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How do we get our gas and electricity?

When you flip a light switch, you’re probably never surprised that a light comes on.

When you flip a light switch, you’re probably never surprised that a light comes on. And when you open your refrigerator, you probably expect all of your foods to be kept nice and cool. But where does the power come from to achieve such household feats? How do we get our gas and electricity?

The short answer is, from an energy provider. But the process of producing (or harvesting) power is much more involved. When you do a gas and electricity comparison, they can both be produced in ways that harm the environment. The gas you use in your home is likely pumped from a network of pipelines that links to various destinations across the nation. It is produced by burning substances like oil and coal, which can have a detrimental effect on the environment because of the release of carbon into the environment that this process requires. Though this method has been in practice for many generations, its effects are now starting to catch up with us, meaning that many energy providers are searching for more sustainable ways to power home appliances such as cook tops, ovens, and heaters.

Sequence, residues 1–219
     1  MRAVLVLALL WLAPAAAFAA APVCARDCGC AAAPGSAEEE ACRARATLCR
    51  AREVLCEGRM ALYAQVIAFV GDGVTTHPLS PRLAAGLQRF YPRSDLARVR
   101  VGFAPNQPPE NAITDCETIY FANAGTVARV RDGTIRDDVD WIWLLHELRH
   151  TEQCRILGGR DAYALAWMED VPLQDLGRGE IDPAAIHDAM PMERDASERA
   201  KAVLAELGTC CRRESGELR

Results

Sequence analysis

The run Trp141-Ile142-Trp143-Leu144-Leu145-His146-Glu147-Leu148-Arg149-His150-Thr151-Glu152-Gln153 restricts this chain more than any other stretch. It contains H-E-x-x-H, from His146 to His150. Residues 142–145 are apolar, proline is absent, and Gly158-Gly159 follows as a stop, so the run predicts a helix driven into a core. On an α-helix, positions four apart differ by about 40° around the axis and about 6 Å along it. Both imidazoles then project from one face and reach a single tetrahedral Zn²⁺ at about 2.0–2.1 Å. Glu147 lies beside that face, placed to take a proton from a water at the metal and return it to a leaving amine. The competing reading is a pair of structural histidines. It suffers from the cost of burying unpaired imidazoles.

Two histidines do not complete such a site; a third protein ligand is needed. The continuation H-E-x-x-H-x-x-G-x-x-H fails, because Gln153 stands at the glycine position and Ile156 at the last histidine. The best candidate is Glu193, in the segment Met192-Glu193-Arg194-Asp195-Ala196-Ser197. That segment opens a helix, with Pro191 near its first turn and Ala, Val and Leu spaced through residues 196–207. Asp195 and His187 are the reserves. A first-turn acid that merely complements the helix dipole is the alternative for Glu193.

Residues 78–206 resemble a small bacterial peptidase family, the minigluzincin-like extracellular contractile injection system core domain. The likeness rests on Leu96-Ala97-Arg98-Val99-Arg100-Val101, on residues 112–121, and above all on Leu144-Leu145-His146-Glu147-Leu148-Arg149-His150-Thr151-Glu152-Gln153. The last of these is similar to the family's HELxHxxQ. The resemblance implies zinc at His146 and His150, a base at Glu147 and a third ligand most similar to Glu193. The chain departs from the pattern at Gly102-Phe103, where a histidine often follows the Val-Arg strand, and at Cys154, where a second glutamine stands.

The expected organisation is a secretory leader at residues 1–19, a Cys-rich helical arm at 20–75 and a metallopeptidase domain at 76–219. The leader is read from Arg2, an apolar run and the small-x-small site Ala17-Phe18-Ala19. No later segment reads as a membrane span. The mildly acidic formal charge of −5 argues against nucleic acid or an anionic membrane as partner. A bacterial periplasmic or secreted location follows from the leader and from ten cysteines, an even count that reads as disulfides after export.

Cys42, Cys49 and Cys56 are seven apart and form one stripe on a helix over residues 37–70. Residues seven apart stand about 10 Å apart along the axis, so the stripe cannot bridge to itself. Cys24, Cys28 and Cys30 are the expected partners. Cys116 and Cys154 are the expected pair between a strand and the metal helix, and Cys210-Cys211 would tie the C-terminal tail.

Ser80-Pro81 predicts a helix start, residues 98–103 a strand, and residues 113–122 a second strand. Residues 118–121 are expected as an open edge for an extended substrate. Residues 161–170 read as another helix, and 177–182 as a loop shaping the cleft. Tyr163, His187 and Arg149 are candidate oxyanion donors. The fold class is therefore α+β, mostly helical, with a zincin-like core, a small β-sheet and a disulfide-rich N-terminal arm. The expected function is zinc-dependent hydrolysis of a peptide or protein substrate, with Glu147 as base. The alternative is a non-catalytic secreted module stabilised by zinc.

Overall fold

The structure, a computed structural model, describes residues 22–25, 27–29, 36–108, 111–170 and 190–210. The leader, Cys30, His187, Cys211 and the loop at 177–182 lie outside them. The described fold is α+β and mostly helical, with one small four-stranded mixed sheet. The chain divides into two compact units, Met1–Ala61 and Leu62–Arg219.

Electricity is produced much in the same way. Most of it is generated through the means of coal, natural gas, or nuclear energy. However, in light of the initiative to reduce carbon emissions, the UK has also bolstered it renewable energy industries, supporting initiatives to develop more viable ways to produce electricity through wind power, hydro-electric power, and solar power.

Thinking of ways to produce energy in a renewable fashion could also mean lower bills for energy customers in the future. If you  compare gas and electric prices from several providers and are still not happy with what you find, this is good news for you.

Ultimately, the UK has around 2,000 power stations, one of which routes energy to your home through your metres. However, if you are just as concerned with where that energy comes from as where it ends up, exploring renewable sources could be the next step to take.



Cathrina Hulse
Multimedia Journalist
Annette Belcher
Multimedia Journalist
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